Upselling Techniques: How to Upsell Services Without Being Pushy
Upselling techniques are too often misinterpreted as being pushy, but that’s simply not the case!
In fact, whether you’ve recognized it or not, we’ve all experienced some form of upselling at one point or another. It might’ve been a restaurant asking you to upsize your meal, or an insurer offering add-ons to your basic coverage.
Businesses use upselling techniques because they work, and both businesses and customers can benefit. With the right techniques, you can boost revenue for your own business with little effort and at no extra cost, while also giving your customers more value.
What is Upselling?
Upselling (or up-serving) is a sales technique where you offer customers more expensive services or add-ons so you can generate more revenue.
This could mean marketing more profitable services, or simply making customers aware of the different service levels you offer.
For example, if you run a cleaning business, you can upsell a customer by inviting them to upgrade from a basic cleaning package to a more premium, deep cleaning package.
⚠️ Upselling is not a pushy sales tactic.
It’s about helping your customers.
You got the call because they’ve already identified they have a problem. Upselling helps customers by offering a better solution to their initial dilemma.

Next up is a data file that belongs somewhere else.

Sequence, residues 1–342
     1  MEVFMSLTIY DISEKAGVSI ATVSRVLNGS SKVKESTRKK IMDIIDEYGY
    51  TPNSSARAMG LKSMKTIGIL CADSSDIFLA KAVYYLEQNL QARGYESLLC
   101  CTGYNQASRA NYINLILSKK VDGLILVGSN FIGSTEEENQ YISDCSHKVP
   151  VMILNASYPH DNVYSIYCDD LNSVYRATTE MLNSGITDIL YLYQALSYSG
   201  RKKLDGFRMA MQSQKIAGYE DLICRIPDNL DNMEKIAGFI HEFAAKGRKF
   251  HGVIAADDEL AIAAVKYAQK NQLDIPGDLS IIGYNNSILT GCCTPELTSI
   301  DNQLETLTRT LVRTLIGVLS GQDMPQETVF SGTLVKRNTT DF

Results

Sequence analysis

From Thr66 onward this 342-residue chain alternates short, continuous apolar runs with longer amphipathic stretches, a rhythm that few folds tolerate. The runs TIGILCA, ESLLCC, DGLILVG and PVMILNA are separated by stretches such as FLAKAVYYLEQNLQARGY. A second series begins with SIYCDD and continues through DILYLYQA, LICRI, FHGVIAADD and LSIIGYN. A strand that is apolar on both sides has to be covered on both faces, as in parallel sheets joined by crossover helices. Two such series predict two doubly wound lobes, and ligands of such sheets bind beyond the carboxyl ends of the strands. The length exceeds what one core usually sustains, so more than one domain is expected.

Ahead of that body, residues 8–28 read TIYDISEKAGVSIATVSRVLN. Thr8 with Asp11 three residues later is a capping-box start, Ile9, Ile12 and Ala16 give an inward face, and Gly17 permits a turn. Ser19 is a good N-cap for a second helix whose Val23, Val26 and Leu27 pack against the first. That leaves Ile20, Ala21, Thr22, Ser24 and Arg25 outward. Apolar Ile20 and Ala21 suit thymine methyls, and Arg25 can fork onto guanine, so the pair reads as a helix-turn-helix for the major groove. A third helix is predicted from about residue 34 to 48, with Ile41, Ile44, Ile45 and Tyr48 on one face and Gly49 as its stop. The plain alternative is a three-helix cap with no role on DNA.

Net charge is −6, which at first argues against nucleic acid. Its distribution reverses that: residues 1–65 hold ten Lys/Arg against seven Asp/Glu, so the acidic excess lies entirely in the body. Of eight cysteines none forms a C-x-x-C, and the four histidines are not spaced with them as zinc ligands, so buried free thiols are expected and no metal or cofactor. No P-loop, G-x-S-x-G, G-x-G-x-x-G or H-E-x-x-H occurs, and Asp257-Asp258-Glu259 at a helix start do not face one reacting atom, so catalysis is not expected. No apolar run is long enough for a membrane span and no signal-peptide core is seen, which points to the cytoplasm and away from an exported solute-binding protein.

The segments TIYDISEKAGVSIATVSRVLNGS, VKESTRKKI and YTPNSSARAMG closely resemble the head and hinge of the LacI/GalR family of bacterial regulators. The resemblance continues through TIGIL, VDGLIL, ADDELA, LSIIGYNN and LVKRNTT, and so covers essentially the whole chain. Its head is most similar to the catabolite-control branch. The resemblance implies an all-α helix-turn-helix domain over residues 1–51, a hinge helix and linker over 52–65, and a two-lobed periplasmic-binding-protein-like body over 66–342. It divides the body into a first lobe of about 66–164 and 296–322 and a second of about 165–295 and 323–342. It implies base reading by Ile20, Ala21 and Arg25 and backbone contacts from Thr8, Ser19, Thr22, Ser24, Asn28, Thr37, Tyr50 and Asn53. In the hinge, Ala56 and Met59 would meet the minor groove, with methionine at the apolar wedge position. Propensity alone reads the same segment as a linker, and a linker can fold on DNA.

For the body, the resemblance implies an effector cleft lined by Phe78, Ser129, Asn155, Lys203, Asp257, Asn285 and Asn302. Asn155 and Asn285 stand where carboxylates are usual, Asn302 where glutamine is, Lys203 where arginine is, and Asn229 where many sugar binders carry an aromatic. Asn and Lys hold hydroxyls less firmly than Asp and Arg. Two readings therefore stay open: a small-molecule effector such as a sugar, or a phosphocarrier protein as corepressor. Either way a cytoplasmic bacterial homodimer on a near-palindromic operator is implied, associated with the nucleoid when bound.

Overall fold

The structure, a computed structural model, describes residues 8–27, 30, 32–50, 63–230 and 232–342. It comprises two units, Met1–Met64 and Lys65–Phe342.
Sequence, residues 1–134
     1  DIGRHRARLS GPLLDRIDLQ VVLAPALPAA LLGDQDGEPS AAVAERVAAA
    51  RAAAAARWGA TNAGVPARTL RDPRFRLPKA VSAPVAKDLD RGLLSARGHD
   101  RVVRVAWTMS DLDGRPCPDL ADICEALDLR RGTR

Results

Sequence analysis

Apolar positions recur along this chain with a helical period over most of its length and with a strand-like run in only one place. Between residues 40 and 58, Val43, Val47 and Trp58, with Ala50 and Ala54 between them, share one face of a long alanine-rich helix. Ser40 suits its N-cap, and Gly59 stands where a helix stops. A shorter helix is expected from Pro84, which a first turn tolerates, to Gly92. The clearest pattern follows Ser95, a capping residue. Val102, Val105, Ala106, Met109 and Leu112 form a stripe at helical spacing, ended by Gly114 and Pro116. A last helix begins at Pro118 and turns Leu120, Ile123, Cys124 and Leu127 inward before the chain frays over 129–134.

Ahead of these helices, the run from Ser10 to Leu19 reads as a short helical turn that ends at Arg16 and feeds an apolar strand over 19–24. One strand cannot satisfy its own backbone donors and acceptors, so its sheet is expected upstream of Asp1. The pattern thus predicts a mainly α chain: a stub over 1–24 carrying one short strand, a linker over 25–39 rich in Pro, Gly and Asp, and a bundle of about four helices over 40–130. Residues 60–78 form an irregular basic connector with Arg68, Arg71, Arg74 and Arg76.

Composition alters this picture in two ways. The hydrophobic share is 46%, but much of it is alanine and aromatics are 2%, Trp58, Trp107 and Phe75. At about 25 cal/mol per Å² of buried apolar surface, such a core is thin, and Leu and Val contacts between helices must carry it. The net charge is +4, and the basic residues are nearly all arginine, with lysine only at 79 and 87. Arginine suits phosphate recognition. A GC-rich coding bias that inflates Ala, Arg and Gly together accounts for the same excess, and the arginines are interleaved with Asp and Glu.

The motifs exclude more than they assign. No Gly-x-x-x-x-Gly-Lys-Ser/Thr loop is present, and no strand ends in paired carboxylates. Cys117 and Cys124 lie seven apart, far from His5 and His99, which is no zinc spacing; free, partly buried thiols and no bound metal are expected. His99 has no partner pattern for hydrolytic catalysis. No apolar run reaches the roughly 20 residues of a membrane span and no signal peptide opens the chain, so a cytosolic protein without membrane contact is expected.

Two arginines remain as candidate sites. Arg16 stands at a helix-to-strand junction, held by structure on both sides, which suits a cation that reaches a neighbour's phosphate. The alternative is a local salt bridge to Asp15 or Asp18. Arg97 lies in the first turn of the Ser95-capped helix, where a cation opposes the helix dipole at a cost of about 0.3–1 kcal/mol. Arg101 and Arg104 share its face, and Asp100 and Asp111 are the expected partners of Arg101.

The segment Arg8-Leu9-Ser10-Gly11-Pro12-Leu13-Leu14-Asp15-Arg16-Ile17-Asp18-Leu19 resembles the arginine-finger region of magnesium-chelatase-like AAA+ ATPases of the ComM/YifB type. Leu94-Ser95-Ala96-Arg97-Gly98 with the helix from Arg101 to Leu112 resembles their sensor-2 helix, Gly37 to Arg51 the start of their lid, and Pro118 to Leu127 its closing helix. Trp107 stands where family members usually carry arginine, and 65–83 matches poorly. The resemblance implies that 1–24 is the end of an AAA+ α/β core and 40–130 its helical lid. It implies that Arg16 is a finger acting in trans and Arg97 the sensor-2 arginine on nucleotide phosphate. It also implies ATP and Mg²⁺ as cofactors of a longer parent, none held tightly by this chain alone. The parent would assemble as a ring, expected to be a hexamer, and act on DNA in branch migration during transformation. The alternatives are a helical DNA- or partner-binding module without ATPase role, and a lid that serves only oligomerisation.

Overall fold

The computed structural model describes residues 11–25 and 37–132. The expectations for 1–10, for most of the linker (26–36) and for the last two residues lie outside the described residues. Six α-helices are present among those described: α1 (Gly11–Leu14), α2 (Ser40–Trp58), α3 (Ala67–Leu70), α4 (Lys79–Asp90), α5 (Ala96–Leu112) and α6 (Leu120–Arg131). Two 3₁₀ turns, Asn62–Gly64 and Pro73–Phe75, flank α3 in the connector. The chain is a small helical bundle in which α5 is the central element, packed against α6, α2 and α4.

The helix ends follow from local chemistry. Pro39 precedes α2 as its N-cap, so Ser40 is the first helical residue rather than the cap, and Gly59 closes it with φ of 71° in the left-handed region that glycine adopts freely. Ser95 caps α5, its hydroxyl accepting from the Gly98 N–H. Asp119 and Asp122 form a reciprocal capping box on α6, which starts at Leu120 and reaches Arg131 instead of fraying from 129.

What is Cross-Selling?
Cross-selling is a different but related sales tactic.
In cross-selling, the service provider offers an additional solution that would fit well with the service they’re already paying for.
For example, a landscaper may offer a hedge trim to a customer who’s just requested a lawn mow.
How to Upsell Services: Six Common Upselling Techniques
Use these six techniques to upsell your services.
1. Offer different levels of service packages alongside each other
Offering three service packages alongside each other can help you upsell by giving customers options with more value. It’s known as good, better, best pricing.
By comparing three different services or service levels, your customer gets a clear visual of the value in each package. Just be sure to include a low, medium, and a high-level option to accommodate different budgets.
Consider the lawn care professional who provides three package levels: bronze, silver, and gold. The higher the tier, the more services they offer at higher prices.
The key with this technique is a strong pricing strategy that encourages an upsell.
For example, if you want customers to purchase your standard package, it should be priced marginally higher than the lite package and offer more perceived value. If you price it too high, customers may opt out and settle for the cheaper option.
READ MORE: 4 ways itemized quotes help you grow your service business
2. Suggest upgrades or additional parts
Let your clients know about additional treatments or part upgrades you can offer.